Social Media Film Golden Globes

Four social media strategies for movies that brands can learn from

By Paul Raffaelli, social media manager

January 9, 2015 | 7 min read

As the 2015 Golden Globes winners are unveiled this Sunday (11 January), OLIVER’S social media manager Paul Raffaelli picks four great movie social media marketing campaigns that brands can emulate.

It was without doubt one of 2014’s biggest movie social media buzzes: in three days the trailer for Star Wars Episode VII: The Force Awakens had combined YouTube views of 70m. You’ve probably watched it, maybe even tweeted it and if not, you’ve definitely seen a friend drool over it in your Facebook feed.

Social campaigns to boost anticipation of a film’s impending release are now commonplace, as part of heavily integrated marketing pushes in advance of movie-goers setting foot in the multiplex.

And yes, Tinseltown has large budgets and even bigger celluloid allure. But at the heart of the following social media strategies that have brought movie fiction to life, there are lessons that everyday brands can learn.

1. The content strategy

Toy Story 3 (2010)

To promote this film, Pixar did what it does best: create catchy, short video content that hooked fans in and got people talking and sharing. This worked so well organically for Pixar because of a deep-rooted connection with its audiences, thanks to Toy Story videos created for super-fans pre-dating social media.

The campaign objective was to reach original Toy Story fans, those in their 20s who are on YouTube and Facebook daily and who had first experienced Woody and Buzz in 1994.

Short videos were released a month before the film, ranging from fake retro TV ads featuring the film's bad guy, Lots-o'-Huggin' Bear, ​to dating tips and life advice from Ken​, Barbie's boy toy. These introductions to new Toy Story characters appealed to a wide audience by spoofing childhood memories in a typical Pixar tongue-in-cheek way and left us wanting more. This helped Pixar clock up an impressive 5m video views collectively, with plenty of organic sharing.

Lesson for brands: Short, sharp content creation can generate a very real buzz by keeping things simple, true to your brand ethos to enable conversation on social platforms where your target audience reside.

2. The influencer strategy

Pitch Perfect (2012)

If you're looking for a case study to sell the value of collaboration with an influential vlogger to your agency or brand, then Pitch Perfect is it.

By partnering with cappella singer/songwriter Mike Tompkins and his 1.5m YouTube subscribers, Pitch Perfect created video content that captured the fun, upbeat feeling of the film aimed at teenagers and 20-somethings.

People were encouraged to send in clips of themselves singing rapper Nicki Minaj’s Starships, which were then mixed with Mike’s performance and those of the film’s stars. This simple yet slick video was posted a month before the film’s release on Mike’s YouTube channel, clocking up over 13m ‘relevant views’ by Mike’s subscribers, a niche group who love acappella singing and are exactly the kind of people who would love this film.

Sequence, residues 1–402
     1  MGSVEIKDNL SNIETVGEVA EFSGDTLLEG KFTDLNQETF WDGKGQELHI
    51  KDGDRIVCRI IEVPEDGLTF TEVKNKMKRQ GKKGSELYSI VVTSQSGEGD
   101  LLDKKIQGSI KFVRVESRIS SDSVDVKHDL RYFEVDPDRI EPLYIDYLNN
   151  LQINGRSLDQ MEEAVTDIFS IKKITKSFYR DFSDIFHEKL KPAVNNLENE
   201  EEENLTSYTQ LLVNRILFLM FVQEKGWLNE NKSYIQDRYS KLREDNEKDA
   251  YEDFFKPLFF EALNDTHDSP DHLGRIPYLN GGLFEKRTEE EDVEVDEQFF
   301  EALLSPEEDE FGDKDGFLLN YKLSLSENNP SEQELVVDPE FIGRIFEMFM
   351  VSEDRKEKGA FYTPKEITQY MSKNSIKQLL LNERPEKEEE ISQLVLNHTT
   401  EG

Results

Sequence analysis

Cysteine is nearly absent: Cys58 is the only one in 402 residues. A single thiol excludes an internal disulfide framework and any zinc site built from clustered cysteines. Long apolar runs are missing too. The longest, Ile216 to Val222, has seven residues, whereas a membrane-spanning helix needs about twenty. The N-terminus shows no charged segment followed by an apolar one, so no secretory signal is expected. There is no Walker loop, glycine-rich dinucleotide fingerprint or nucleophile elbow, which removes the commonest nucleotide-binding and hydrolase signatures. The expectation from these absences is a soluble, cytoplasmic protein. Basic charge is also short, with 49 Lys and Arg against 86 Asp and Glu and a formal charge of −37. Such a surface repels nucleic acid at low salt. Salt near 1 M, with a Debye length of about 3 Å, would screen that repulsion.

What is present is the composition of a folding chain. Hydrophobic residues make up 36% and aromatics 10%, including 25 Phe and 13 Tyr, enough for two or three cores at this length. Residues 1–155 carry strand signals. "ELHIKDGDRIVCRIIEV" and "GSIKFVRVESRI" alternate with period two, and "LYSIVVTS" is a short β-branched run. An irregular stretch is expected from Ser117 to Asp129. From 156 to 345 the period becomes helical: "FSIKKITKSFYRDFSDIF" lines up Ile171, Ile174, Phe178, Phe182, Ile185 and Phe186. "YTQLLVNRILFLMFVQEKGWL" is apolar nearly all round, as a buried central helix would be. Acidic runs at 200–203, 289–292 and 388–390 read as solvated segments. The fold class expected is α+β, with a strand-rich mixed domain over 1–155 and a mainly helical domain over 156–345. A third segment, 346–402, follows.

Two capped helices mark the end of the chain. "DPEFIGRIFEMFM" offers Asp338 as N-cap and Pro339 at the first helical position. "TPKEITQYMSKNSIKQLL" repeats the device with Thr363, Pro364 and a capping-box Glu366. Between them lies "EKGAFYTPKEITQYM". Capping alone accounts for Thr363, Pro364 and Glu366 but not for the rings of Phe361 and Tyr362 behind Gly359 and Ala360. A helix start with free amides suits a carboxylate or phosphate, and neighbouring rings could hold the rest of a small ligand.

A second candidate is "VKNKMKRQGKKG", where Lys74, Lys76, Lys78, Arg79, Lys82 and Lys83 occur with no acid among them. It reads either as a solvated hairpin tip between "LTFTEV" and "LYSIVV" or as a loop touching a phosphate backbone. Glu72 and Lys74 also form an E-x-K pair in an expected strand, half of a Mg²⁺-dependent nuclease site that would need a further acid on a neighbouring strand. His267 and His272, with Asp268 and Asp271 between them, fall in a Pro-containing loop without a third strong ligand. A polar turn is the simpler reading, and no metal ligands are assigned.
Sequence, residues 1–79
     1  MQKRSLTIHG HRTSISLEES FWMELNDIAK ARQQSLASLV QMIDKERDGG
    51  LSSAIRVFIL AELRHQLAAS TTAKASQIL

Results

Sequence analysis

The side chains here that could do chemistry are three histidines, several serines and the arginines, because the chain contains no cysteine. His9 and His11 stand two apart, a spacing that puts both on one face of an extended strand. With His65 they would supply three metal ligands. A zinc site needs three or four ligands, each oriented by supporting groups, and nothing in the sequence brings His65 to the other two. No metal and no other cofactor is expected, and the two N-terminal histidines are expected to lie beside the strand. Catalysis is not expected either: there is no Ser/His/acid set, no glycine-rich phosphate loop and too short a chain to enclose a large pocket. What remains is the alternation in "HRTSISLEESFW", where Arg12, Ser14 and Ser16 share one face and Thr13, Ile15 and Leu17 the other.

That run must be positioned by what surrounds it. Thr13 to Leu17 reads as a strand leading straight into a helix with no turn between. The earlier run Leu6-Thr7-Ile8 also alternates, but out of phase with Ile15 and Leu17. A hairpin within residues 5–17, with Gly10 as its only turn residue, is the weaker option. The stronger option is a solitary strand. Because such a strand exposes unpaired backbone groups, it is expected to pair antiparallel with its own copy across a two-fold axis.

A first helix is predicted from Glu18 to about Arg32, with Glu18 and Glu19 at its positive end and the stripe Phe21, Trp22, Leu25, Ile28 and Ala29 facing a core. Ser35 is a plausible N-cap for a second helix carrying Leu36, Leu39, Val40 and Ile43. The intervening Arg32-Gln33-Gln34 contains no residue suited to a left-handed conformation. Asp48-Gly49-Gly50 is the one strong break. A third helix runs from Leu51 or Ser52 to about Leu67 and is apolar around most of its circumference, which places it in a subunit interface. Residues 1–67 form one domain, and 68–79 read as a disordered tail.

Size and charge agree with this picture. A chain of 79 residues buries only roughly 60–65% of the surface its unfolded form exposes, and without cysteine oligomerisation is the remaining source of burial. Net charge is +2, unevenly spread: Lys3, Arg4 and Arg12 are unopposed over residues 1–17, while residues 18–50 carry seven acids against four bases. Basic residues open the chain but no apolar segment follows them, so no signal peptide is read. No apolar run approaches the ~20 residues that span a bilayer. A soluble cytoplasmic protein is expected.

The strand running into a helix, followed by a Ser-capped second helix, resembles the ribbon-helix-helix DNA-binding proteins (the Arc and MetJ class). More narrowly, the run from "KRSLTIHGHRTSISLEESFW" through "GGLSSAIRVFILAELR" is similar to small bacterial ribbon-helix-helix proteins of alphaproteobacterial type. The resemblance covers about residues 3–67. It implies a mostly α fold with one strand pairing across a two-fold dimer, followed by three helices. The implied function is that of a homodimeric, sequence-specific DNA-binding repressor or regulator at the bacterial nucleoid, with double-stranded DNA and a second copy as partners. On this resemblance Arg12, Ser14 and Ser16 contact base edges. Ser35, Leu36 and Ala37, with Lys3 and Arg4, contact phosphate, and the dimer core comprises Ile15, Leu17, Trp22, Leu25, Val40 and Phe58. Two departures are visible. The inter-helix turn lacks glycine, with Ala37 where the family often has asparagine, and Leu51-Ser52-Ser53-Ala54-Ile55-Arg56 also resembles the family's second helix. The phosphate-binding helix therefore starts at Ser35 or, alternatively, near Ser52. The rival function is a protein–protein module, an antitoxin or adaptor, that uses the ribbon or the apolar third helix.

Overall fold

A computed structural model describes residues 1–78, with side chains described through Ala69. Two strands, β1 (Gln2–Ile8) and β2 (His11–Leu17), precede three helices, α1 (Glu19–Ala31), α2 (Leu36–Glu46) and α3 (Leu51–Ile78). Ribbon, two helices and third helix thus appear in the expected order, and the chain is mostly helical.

Lesson for brands: By working with an internet celebrity and vlogger with Mike’s authority and reach into the film’s target audience interests, Pitch Perfect achieved text-book demographic targeting and direct contact with its audience.

3. The character strategy

Ted (2012)

By the time Universal released Ted on the big screen, the studio had already developed a much-loved character online. Ted’s success on social media came from three things: a distinctive tone of voice for the character; knowing what Ted fans’ interests were; and using existing connections with solid online communities.

Universal launched Ted social channels, with Ted memes being shared over 20+ partner Facebook pages, including those of shows such as Family Guy and The Office. These pages had a combined following of over 90m who were highly engaged and the correct demographic for the loveable, rude bear.

Ted’s outrageous tone of voice is the perfect positioning for social media when targeting young 20-something males. This shone through on both Facebook and Twitter, with Ted commenting on current affairs and quickly growing a social following of 8.5m at the time of the film’s launch.

Lesson for brands: Since then Universal has grown Ted’s social audience to over 22m, so that when Ted 2 is unveiled later this year, there exists a fantastic audience of fans to tap into. This always-on approach is a rare investment in the film world, but should be a staple strategy for consumer brands.

4. The viral video strategy

Carrie (2013)

The creators of horror remake Carrie knew exactly what their young horror fan audience wanted, and they gave it to them with this perfectly executed scare prank.

Shot in a coffee shop, which was open for business as usual with regular patrons grabbing a coffee when this scare fest unfolded, made for more realistic reactions.

Very quickly the viral amassed almost 2m social fans across YouTube, Facebook, Instagram, Vine, Snapchat and Twitter, sparking word-of-mouth online and off, prior to the film release.

Lesson for brands: Use video to leverage the full panoply of social channels to get the widest possible reach.

Paul Raffaelli is social media manager at OLIVER. Additional contributors: Alan Bryant and Carina Sullivan, community managers, OLIVER. You can follow Paul Raffaelli on Twitter @therafterman; Alan Bryant @alanscottbryant and Carina Sullivan @carina100

Social Media Film Golden Globes

More from Social Media

View all


Industry insights

View all
Add your own content +